The Professional and Amateur Sports Protection Act Of 1992 (PASPA)

At the time PASPA was passed, four states had specific sports betting laws: Nevada, Delaware, Montana, and Oregon. PASPA In an effort to protect the integrity of sports and public confidence in fair competitions, PASPA prohibited new sports betting laws and limited private gambling operations. However, PASPA faced constitutional challenges and was ultimately overturned in 2018, allowing individual states to legalize sports betting.

The Unlawful Internet Gambling Enforcement Act Of 2006 (UIGEA)

At the time PASPA was passed, four states had specific sports betting laws: Nevada, Delaware, Montana, and Oregon. PASPA In an effort to protect the integrity of sports and public confidence in fair competitions, PASPA prohibits new sports betting laws and limited private gambling operations. However, PASPA faced constitutional challenges and was ultimately overturned in 2018, allowing individual states to legalize sports betting.

Current State Of Sports Betting In The US

Americans have bet $220 billion on sports in the five years since the repeal of PASPA, according to a report published by PBS in May 2023. Legal sports betting pulled in a handle of $93.2 billion in 2022. This translated to a total revenue for sportsbooks of $7.5 billion per the American Gaming Association (AGA). New York’s huge tax rate of 51% on mobile sports betting has helped the state enjoy massive success, with over $1 billion generated in revenue.


The AGA estimates that US players wager over $60 billion per year on offshore sites. This type of wagering is especially prevalent in states that have not legalized sports betting. Super Bowl LVII reportedly generated approximately $16 billion in wagers across all sports betting channels.


The legalization of sports betting on a state-by-state basis is great progress for the industry. Yet, bettors in certain states still face limitations to what they can wager on. For instance, New York and Pennsylvania don’t allow player prop betting for college sports. State-approved sportsbooks don’t offer prop lines on politics, entertainment, and novelty sports. The good news, is that offshore sportsbooks tend to offer a plethora of betting opportunities of all kinds. From the most popular sports to niche events, making them an attractive option for US residents with limited options in-state.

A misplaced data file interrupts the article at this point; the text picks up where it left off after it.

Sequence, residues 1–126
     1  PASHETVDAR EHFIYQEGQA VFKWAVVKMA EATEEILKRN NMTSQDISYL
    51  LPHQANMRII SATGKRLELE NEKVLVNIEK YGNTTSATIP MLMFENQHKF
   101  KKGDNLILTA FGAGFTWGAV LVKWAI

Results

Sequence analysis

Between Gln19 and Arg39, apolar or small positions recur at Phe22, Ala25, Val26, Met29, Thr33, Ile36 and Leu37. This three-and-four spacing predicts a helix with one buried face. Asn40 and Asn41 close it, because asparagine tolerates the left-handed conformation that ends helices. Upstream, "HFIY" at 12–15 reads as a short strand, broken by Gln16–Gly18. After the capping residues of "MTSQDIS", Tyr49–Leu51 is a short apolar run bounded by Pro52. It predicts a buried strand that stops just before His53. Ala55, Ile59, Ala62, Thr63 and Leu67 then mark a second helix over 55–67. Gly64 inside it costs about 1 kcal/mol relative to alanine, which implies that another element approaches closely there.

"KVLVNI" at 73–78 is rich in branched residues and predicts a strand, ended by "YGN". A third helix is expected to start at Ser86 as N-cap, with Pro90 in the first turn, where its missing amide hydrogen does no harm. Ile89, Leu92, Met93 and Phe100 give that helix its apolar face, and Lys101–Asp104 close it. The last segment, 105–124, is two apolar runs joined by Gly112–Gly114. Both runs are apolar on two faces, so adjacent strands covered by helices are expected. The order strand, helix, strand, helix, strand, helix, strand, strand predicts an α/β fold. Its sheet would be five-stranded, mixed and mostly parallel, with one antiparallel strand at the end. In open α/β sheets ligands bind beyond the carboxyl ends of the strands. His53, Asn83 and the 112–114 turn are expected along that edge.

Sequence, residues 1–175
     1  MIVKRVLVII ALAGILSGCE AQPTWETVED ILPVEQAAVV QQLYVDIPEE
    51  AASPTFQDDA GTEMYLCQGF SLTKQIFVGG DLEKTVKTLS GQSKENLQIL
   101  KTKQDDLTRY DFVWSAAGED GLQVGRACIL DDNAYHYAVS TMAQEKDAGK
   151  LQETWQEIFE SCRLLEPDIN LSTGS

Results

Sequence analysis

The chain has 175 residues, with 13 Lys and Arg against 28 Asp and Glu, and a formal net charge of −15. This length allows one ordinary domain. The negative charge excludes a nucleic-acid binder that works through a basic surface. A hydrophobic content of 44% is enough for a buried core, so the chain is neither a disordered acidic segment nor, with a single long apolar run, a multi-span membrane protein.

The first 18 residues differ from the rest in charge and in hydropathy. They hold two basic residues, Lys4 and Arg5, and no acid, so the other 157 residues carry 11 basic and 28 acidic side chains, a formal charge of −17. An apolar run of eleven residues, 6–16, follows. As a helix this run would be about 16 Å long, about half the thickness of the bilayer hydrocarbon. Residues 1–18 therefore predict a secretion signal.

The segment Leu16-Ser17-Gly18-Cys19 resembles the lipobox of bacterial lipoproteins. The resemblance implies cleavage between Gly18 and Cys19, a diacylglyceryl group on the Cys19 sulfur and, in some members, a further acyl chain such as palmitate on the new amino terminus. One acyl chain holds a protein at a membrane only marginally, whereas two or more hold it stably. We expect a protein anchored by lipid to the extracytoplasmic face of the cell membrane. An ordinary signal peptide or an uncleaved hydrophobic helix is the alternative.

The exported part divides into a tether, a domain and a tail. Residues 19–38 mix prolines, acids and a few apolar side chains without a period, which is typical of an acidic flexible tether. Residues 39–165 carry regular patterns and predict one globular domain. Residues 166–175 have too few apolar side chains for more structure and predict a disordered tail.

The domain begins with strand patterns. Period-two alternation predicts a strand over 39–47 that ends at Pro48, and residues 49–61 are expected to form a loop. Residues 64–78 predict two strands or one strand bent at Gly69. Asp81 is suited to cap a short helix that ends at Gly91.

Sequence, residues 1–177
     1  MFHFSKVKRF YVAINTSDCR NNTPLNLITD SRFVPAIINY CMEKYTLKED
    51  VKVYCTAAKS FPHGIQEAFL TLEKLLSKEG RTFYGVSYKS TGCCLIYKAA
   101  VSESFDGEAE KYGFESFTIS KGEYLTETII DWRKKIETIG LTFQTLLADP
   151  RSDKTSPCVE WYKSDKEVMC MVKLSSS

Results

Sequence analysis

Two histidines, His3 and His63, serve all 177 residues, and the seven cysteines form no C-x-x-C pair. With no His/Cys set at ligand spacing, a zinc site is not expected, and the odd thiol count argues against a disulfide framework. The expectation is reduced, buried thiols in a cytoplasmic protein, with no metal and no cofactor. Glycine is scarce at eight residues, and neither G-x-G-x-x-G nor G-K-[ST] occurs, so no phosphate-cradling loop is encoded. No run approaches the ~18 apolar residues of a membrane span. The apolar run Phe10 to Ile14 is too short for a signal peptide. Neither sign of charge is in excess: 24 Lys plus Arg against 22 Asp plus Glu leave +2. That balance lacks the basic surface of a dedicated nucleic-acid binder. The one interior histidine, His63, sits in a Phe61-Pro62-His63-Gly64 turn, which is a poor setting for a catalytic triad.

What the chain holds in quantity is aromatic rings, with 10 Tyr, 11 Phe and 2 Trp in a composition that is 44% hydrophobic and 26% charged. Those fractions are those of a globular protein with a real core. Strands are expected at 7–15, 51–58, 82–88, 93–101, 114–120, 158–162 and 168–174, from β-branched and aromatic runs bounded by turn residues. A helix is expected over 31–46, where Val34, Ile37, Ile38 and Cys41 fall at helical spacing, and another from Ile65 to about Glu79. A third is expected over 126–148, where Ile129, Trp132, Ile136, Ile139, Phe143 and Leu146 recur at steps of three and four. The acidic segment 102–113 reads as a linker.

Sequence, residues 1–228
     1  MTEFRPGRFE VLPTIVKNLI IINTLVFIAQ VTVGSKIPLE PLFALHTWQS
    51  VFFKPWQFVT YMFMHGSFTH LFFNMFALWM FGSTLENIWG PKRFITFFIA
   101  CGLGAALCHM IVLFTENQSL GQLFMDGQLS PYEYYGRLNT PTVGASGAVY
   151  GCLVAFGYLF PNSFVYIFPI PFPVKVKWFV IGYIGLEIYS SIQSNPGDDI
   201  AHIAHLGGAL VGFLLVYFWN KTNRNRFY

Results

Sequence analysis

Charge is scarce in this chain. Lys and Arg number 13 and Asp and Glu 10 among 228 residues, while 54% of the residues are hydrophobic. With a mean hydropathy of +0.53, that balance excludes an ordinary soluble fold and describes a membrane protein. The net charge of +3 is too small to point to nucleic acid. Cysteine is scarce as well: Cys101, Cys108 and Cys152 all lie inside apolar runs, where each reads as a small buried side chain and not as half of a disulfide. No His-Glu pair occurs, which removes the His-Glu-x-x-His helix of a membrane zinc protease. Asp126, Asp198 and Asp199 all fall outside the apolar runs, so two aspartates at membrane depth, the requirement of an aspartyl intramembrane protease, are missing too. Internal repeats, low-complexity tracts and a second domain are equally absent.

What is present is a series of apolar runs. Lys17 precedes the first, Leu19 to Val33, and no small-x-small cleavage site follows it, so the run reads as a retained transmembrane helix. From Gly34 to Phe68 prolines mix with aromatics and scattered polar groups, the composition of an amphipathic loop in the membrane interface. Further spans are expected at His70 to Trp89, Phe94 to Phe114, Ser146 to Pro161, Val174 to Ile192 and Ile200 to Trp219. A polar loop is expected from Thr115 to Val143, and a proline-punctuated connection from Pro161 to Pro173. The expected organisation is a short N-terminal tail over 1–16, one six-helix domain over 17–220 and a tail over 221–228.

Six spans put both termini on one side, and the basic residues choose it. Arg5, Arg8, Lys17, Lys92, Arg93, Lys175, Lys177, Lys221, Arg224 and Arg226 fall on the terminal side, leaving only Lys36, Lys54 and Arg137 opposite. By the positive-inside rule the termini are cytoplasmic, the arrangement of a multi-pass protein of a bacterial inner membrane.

Legal Sports Betting States

The landscape of legal sports betting states is constantly changing. Here is an up-to-date table on the legal status of sports betting in all 50 states and the District of Columbia. We’ve included which types of betting are legal and how long since regulation:






Offshore Only
Not Legal



Offshore Only

Not Legal
April 2021
HB 2772
November 2018

Voter referendum on November 6, 2018: Issue 4 passed 54.1-45.9

Offshore Only
Not Legal


November 2019
Proposition DD



May 2021





June 2018
District of Columbia



May 2019
DC Law 22-312



May 2019
DC Law 22-312

*Florida, Kentucky, Maine, Nebraska, and Vermont have all legalized sports betting. However, there are no active sportsbooks yet as these states are in the process of working out legislation.

**Washington law specifically states that sports wagering is not permitted anywhere besides tribal casinos. Nevertheless, many offshore sportsbooks remain available to US residents in Washington.  

US Sports Betting History

August 2023

Today, 38 states (including the District of Columbia) have some form of legal, regulated sports betting. US players in all 50 states also have access to legal offshore sportsbooks like BetUS.

May 2018

January 2012

Governor Chris Christie signed a bill to legalize sports betting in New Jersey. This started New Jersey’s six-year legal battle to legalize sports betting and repeal PASPA.

October 2006

The Unlawful Internet Gambling Enforcement Act (UIGEA) is signed into law. Financial transactions related to online gambling are targeted, leading to challenges for the industry.

October 1992

The Professional and Amateur Sports Protection Act (PASPA) is enacted, prohibiting sports betting in most states. Only Nevada, Delaware, Montana and Oregon are exempted from the federal ban.

September 1989

The Oregon Lottery launched Sports Action, which allowed for multi-game parlay betting on NFL games. Sports Action was discontinued in 2007.

November 1986

The Oregon Lottery launched Sports Action, which allowed for multi-game parlay betting on NFL games. Sports Action was discontinued in 2007.

August 1976

The Delaware State Lottery institutes a lottery based on NFL games. The program failed and lasted only one season.